Is it time to start blaming the victim?
With the death of STEPHANY FLORES RAMIREZ, perhaps it may be time to begin to hold the victims responsible for their own careless, seemingly idiotic choices, and mistakes. While it is important, imo, to not blame the victim of a crime, it is important to recognize how so many “victims” place themselves through a conscience choice into harm’s way that far too many fall prey, with sometimes devastating consequences to themselves.
In review of the many aspects of the Ms. Ramirez case, it may first begin with her recognizing who she was confronted with, a Joran Vander Sloot. Not only did she fail to exit that confrontation immediately even knowing who Joran is, she walked past the reception desk where she could have alerted staff to her perceived possible problem. Not only that, she accompanies Joran to his own room, and seemingly enters his room willingly with no apparent signs of any struggle on her part. Then, once behind a closed door, she is allegedly caught by Joran with her looking up Joran on the internet searching for information about the Natalee Holloway case.
Now she’s dead and people wonder why? It’s called “proximity.” When people allow themselves to remain in a potentially dangerous situation when they fail to exercise better options than remaining in that potentially dangerous situation, it then, imo, becomes their own fault for anything negative occurring to them if they willingly chose to remain within that potentially dangerous environment; proximity. Perhaps best exemplified that if a house starts on fire and the person willingly chooses to remain inside, but then dies as a result, the blame is that of the victim, and not the fire itself.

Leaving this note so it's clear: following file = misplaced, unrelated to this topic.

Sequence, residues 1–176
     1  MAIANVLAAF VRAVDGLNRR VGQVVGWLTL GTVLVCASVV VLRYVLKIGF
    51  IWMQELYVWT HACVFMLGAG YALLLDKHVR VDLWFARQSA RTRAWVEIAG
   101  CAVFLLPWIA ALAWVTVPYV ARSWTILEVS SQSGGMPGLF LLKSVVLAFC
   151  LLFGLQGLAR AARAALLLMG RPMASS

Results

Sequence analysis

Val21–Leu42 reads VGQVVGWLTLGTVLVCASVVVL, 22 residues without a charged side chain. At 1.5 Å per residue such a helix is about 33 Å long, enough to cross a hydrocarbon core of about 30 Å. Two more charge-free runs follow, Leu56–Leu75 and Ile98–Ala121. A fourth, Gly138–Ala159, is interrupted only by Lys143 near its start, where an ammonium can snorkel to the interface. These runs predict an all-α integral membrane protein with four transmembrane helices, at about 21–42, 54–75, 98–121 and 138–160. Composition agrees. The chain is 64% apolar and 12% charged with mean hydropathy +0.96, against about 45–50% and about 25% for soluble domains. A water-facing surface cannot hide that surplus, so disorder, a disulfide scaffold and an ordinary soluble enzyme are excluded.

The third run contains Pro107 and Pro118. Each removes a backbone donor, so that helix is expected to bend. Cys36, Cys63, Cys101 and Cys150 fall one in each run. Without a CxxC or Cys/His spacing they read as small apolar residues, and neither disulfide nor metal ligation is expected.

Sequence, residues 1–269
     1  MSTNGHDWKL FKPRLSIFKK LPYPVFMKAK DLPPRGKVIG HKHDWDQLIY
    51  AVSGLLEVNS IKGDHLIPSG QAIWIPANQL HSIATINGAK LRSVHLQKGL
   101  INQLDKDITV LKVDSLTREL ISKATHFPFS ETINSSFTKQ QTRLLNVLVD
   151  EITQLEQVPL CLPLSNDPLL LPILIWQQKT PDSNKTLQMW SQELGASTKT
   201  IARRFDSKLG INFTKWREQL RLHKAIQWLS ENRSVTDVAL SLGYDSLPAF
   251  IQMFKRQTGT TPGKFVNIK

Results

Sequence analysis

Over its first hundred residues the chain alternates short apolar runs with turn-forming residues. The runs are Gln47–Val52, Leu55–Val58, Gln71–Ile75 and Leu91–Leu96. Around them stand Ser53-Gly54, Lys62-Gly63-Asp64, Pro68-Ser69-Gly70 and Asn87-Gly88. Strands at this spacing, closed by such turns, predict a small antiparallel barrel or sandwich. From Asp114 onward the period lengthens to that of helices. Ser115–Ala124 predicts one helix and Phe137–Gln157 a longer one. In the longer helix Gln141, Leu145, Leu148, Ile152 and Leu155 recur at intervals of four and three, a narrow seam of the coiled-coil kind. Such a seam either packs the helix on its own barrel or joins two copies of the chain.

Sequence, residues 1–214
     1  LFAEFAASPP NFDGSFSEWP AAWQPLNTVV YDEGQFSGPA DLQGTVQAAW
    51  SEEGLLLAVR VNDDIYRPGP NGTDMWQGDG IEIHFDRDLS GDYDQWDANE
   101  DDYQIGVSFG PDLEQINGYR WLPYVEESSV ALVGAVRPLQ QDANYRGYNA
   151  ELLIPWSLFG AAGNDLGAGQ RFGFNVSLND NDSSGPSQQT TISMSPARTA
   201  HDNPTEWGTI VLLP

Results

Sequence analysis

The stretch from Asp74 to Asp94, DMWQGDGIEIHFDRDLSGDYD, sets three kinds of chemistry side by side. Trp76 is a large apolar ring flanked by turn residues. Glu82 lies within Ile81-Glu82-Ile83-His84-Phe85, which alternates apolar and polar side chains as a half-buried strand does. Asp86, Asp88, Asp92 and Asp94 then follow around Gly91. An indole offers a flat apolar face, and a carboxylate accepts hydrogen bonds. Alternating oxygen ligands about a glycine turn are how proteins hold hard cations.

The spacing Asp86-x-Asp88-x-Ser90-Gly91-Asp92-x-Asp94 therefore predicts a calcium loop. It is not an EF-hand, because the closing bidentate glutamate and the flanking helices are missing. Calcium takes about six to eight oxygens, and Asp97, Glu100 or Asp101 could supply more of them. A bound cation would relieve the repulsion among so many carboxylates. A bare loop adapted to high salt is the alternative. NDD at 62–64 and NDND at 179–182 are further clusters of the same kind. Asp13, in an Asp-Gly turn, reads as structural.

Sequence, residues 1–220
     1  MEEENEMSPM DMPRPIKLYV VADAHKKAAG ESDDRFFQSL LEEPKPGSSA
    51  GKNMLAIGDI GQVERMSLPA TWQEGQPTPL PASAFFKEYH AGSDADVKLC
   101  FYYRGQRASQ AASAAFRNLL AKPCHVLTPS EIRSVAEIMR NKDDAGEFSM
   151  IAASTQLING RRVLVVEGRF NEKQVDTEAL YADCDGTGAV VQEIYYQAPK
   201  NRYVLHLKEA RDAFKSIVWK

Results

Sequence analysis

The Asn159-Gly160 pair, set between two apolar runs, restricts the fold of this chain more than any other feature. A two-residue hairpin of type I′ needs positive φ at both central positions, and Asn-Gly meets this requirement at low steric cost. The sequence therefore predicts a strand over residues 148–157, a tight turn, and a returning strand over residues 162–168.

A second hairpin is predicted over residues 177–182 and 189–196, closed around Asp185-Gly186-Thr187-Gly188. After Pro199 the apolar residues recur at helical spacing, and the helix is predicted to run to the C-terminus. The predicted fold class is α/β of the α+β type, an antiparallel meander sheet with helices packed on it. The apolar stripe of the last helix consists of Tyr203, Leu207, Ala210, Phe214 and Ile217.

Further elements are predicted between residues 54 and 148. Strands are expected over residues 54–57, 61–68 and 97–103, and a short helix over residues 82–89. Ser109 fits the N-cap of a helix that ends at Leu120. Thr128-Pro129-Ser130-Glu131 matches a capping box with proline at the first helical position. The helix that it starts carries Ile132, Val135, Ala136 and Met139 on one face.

Now, with Joran’s alleged confession on this crime, the people that want and got a confession are typically the same people that have said in the past on blogs, television, and sites on the internet that Joran is a liar and you can’t believe a word he says. Now, these hypocrites are satisfied with the confession and fail to pursue the issue any further since it has an immediate-redemption quality to those not familiar enough with the higher-level studies of Psychology. Worse-case scenario for Joran right now appears to be a possible sentence well under ten years for a confession leading to a conviction, and he’ll be out super-soon given the legal/prison systems in Peru.
Is that true Justice for Stephany? I think not!